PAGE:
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Annals of Surgical Oncology

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Contemporary Surgical Management and Outcomes for Anal Melanoma: A National Cancer Database Analysis

Adam C. Fields MD, Joel Goldberg MD, MPH, James Senturk MD, PhD, Lily V. Saadat MD, Joshua Jolissaint MD, Galyna Shabat MD, PhD, Jennifer Irani MD, Ronald Bleday MD, Nelya Melnitchouk MD, MSc
Colorectal Cancer
Volume 25, Issue 13 / December , 2018



Anal melanoma is a rare disease with a poor prognosis. Limited data are available regarding oncologic outcomes during the last decade and surgical practice patterns. This study aimed to investigate survival and operative oncologic outcomes for patients with anal melanoma.


The National Cancer Database (2004–2013) was used to identify patients with nonmetastatic anal melanoma who underwent surgical treatment. The primary outcome was overall survival.


The study enrolled 439 patients in the local excision group and 214 patients in the abdominoperineal resection (APR) group. The patients in the APR group were older (70 vs 65 years; p < 0.001) and had larger tumors (40 vs 25 mm; p < 0.001). After resection, the APR patients were more likely to have positive lymph nodes (65.7% vs 12.5%; p < 0.001) and less likely to have positive margins (10% vs 29.8%; p < 0.001). Overall survival did not differ significantly between the APR and local excision patients (hazard ratio [HR], 0.82; 95% confidence interval [CI], 0.67–1.01; p = 0.06). The patients undergoing local excision showed was a significant survival advantage for those with negative margins (HR, 0.70, 95% CI, 0.53–0.93; p = 0.009). Among the patients undergoing APR, a significant survival advantage was observed for those with negative nodes (HR, 0.50; 95% CI, 0.35–0.69; p = 0.002) and negative margins (HR, 0.34; 95% CI, 0.15–0.77; p < 0.001).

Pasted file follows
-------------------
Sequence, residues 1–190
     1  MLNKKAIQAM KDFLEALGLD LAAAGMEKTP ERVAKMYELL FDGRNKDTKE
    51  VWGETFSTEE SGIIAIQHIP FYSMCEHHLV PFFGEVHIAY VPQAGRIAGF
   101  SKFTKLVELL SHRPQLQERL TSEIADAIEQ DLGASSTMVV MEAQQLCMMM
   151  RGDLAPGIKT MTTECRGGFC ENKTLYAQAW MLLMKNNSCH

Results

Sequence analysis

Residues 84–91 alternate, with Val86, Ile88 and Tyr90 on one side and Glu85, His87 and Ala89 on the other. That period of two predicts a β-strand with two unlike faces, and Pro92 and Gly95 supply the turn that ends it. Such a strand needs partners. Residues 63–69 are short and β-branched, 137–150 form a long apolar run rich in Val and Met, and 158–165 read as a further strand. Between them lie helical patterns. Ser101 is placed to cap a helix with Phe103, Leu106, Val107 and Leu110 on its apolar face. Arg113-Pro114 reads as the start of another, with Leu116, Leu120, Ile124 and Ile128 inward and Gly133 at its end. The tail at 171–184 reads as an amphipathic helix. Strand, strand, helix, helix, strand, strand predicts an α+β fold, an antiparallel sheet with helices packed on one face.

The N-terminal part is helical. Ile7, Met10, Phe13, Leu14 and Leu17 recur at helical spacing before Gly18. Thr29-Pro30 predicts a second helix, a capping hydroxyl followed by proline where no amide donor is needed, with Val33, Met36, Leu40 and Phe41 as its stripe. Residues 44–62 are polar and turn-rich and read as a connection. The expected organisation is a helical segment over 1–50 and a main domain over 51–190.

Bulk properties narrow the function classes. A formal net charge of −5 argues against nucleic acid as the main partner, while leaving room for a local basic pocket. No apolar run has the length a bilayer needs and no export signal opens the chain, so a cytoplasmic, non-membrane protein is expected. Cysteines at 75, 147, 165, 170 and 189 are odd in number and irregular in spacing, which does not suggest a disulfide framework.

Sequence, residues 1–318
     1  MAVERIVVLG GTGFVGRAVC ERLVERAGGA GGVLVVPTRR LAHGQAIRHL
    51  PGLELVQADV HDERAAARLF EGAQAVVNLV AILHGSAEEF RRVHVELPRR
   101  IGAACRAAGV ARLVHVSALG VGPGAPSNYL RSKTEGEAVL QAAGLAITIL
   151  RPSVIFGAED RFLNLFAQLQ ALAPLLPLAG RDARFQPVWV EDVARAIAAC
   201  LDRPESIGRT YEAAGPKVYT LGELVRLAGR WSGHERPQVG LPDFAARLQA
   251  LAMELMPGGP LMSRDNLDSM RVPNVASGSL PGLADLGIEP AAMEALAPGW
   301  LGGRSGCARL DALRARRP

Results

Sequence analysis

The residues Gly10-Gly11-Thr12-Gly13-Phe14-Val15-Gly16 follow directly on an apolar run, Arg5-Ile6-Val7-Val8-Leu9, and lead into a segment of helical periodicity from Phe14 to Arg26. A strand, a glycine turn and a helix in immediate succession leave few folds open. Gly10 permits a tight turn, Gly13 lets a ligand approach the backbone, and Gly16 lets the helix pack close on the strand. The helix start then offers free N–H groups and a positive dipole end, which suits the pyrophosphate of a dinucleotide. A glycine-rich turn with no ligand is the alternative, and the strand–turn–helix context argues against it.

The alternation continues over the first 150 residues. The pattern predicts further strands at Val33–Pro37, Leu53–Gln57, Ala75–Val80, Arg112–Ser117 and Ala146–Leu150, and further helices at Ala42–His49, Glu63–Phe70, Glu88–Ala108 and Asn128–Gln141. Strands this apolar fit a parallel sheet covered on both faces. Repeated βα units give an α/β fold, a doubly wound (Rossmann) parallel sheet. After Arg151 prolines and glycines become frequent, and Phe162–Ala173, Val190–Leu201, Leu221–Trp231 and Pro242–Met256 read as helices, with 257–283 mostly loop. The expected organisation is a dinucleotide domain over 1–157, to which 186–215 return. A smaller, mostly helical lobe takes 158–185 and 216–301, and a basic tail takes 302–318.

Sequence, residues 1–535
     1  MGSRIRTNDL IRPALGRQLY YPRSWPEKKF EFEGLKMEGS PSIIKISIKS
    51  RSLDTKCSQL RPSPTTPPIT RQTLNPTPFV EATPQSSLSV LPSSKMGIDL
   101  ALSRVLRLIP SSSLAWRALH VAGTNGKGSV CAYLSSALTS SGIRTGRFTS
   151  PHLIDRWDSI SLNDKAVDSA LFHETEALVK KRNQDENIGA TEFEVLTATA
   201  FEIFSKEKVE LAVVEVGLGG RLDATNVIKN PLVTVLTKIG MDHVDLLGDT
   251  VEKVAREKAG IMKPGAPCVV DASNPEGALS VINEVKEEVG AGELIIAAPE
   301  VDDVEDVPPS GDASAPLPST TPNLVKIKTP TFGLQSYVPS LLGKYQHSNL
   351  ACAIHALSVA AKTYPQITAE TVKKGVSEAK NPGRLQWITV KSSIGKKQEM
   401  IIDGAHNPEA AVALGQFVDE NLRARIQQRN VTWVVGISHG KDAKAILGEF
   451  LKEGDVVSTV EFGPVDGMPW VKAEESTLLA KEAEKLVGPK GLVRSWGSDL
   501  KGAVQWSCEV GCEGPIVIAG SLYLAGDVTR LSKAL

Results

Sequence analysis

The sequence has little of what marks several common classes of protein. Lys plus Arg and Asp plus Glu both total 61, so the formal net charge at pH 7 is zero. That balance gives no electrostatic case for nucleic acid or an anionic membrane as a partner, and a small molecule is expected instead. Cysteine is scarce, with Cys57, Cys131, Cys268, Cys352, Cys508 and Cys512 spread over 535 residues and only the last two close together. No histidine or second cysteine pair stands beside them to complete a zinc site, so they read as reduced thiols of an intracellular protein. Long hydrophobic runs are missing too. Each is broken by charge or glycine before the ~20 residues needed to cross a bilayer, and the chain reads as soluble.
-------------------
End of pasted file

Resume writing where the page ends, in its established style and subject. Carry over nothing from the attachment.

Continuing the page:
The overall survival of anal melanoma patients is similar after local excision and APR. Patients with positive margins, positive lymph nodes, or both have a significantly decreased overall survival.

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